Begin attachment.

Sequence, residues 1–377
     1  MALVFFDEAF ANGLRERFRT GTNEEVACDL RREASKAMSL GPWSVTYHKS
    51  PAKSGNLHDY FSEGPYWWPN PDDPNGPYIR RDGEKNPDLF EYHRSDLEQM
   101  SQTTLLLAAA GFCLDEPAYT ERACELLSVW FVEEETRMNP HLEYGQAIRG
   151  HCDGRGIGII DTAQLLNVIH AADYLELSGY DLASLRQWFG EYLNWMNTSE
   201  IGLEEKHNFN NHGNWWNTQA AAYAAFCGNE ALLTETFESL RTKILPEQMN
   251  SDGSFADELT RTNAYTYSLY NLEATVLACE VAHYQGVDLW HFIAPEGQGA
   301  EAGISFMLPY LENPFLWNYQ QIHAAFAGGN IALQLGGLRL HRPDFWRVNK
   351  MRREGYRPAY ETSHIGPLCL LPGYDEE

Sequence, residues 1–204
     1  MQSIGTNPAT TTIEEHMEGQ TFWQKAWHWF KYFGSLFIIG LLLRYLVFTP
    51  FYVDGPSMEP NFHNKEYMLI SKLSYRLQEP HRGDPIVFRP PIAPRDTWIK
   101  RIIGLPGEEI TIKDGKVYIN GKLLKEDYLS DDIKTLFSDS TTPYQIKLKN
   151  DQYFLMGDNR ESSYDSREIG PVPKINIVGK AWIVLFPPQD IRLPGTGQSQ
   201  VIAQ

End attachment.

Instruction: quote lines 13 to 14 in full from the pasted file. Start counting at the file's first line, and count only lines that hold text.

   101  RIIGLPGEEI TIKDGKVYIN GKLLKEDYLS DDIKTLFSDS TTPYQIKLKN
   151  DQYFLMGDNR ESSYDSREIG PVPKINIVGK AWIVLFPPQD IRLPGTGQSQ